Unfortunately, in my late-teenage arrogance, I figured that the same lackadaisical approach would work just fine sophomore year, given I had skirted the system successfully the first year. And so it was that one afternoon in October, I walked into two classes on a Wednesday afternoon that had blue book exams for which I hadn’t studied. Not only had I not studied for them, I hadn’t read a single word of any of the books that the tests covered (or any of the sparknotes!). The first was a Shakespeare class, the second was Smith’s Native American literature class, the hot stove that would leave its singing mark.

Though I BSed my way through, I received a D on both exams, probably generous given that I said basically nothing for several hours but brain vomit. It was a call from the metaphorical front desk. The only grade below a C+ I had gotten before that was the Chem class I took at Exeter (a nightmare for another tale). My current approach was not going to work anymore. The party was officially over…except on Saturdays, nothing could have stopped that.

Following the episode, I turned the volume on my studies. By large decibels. I read every single word of every book from that day forward for both classes, studied the reading guides, attended every class, took notes, dressed snappily. The second test rolled around and I was exceptionally well-prepared. I destroyed the blue book exams, proudly I walked out with the satisfaction of effort winning over adversity. But then I got the grades. Shakespeare: A, excellent work. Native American Literature: D. Not a D+ or D-, a flat D. She didn’t like me. Perhaps she didn’t like how smug I had been. Perhaps she didn’t like the number of classes I had missed early on, my orientation, my gender, how I looked at the clock too much, how I dressed in clothing a little too large, that my eyes were slightly askew. I don’t know. It didn’t matter, not even a little. She was bearing a grudge and that was all.

I went in to meet with her during office hours, my bluster high. I pointed out the argument I had made, the accuracy of my analysis, my knowledge of the details; I also committed Satan’s worst sin: I argued that her red marks, blood on the page, were inaccurate and just downright wrong. This is not the right thing to do…. She was intransigent, unmoved, her iron jaw locked, the steely look of utter distaste for my entire existence dripping from her inert features; her gray locks cut as neatly as a freshly cut lawn, indifferent to the world of such stray grasshoppers.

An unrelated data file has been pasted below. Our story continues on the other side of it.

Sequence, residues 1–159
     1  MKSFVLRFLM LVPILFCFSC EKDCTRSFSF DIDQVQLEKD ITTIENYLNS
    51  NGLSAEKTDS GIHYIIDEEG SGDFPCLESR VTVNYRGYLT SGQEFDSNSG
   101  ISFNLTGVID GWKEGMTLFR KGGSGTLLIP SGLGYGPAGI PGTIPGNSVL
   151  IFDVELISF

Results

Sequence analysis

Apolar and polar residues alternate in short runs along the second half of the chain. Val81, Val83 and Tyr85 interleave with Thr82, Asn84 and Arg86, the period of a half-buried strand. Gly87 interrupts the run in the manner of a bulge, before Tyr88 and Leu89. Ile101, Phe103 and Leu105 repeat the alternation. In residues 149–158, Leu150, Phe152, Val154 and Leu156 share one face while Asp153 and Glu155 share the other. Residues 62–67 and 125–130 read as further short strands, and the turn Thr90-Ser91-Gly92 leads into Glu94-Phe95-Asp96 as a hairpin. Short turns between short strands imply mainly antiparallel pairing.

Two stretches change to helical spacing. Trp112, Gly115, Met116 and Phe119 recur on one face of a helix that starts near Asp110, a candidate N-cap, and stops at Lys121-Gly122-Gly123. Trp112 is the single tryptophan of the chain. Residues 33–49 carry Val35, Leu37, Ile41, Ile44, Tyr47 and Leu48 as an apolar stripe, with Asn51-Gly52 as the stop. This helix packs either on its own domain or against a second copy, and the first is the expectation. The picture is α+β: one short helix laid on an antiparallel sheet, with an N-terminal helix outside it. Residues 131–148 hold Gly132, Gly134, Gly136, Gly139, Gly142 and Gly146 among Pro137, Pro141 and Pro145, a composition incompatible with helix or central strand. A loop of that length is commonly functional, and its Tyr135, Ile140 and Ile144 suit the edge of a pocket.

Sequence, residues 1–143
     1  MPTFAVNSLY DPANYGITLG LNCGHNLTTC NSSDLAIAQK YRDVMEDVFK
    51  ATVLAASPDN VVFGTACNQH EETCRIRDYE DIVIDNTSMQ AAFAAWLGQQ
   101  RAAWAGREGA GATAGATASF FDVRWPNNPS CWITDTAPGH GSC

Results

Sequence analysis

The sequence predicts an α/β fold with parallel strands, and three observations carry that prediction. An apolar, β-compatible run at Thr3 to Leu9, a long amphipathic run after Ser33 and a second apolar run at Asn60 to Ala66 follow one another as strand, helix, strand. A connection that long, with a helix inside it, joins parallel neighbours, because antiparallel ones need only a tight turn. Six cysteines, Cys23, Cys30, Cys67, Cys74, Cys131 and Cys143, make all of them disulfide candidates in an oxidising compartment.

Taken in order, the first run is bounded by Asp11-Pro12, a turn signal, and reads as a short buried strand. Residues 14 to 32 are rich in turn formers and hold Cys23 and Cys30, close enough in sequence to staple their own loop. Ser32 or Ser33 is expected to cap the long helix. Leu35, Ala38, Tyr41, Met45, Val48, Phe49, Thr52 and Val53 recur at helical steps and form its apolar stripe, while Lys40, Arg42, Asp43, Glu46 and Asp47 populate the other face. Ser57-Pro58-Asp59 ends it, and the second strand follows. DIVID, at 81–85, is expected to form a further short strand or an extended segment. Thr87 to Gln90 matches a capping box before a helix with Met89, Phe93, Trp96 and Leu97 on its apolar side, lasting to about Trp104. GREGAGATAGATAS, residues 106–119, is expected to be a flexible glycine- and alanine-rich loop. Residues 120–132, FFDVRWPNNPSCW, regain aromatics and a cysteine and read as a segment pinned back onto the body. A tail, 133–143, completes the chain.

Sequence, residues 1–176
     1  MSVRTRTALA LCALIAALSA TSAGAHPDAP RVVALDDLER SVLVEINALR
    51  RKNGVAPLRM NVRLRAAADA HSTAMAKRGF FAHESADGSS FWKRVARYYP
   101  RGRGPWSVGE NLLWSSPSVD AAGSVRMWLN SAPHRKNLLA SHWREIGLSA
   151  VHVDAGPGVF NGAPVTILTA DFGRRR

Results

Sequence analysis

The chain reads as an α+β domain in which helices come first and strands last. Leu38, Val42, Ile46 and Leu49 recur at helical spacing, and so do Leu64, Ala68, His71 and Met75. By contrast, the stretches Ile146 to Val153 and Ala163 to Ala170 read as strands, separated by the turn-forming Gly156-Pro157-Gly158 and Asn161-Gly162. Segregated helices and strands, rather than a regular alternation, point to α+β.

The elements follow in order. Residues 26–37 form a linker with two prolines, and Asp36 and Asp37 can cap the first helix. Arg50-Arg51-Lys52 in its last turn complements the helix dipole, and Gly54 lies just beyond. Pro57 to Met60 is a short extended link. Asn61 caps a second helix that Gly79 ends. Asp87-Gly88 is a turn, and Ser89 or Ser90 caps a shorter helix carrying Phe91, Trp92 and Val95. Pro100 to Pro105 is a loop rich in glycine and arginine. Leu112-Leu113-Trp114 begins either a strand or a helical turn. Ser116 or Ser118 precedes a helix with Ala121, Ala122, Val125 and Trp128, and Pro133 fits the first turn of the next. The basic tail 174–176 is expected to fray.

The next exam, D. The final exam, D. The class, D (though I continued in all due diligence). Injustice roiled my stomach all semester, detestation that still lingers in my memories 20 years later– blame and regret. At one point I even petitioned the department over the grade, though I later withdrew the petition when I realized the truth: PROFESSORS HAVE COMPLETE IMMUNITY. Like complete. They’re tenured and untouchable. Not only was brown-nosing appreciated and revered by peers and professors in college. It was necessary. It was survival.

This is not to vilify, most of them were very nice, very understanding, motivating, even empowering and life altering (Professor Klein, looking at you, big guy. You’re a freaking god!). But watch out for the Professor Smith’s of the world. Your relationships with your professors take on a more peer-like feel, and similar to your peer relationships in high school, if you don’t manage them well… it’s down the existential sinkhole.

About the Author:

Alexander has taught English, coached, and dorm-parented for nearly 20 years at Dartmouth College, The King School, Kingswood-Oxford, Philips Andover and The Taft School. He is an expert at the college application process, including college essay writing, standardized test preparation, and the recommendation process. He has tutored hundreds of adolescent teens and young adults from middle school through college level on all spectrums, behaviorally and academically. He attended Philips Exeter Academy and received an undergrad degree from Kenyon College and a Masters Degree from Dartmouth College.  He lives in Middlebury, CT with his three rug rats and wife, Alexa.

Finding Colleges That Fit

Selecting colleges is a critical piece of the college planning process.